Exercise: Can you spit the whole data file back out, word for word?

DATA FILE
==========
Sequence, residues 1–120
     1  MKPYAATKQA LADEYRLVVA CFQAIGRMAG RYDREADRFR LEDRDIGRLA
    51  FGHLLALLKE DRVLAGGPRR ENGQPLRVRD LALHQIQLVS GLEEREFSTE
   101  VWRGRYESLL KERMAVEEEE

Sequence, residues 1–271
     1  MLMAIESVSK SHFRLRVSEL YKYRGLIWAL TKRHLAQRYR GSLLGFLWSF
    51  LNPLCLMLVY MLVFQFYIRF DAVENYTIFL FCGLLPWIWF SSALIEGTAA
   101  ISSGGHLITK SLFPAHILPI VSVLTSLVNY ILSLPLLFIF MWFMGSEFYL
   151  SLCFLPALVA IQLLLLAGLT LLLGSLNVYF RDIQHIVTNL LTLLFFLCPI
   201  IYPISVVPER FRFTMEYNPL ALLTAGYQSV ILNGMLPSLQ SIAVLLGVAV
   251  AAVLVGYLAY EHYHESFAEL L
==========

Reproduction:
Sequence, residues 1–120
     1  MKPYAATKQA LADEYRLVVA CFQAIGRMAG RYDREADRFR LEDRDIGRLA
    51  FGHLLALLKE DRVLAGGPRR ENGQPLRVRD LALHQIQLVS GLEEREFSTE
   101  VWRGRYESLL KERMAVEEEE

Sequence, residues 1–271
     1  MLMAIESVSK SHFRLRVSEL YKYRGLIWAL TKRHLAQRYR GSLLGFLWSF
    51  LNPLCLMLVY MLVFQFYIRF DAVENYTIFL FCGLLPWIWF SSALIEGTAA
   101  ISSGGHLITK SLFPAHILPI VSVLTSLVNY ILSLPLLFIF MWFMGSEFYL
   151  SLCFLPALVA IQLLLLAGLT LLLGSLNVYF RDIQHIVTNL LTLLFFLCPI
   201  IYPISVVPER FRFTMEYNPL ALLTAGYQSV ILNGMLPSLQ SIAVLLGVAV
   251  AAVLVGYLAY EHYHESFAEL L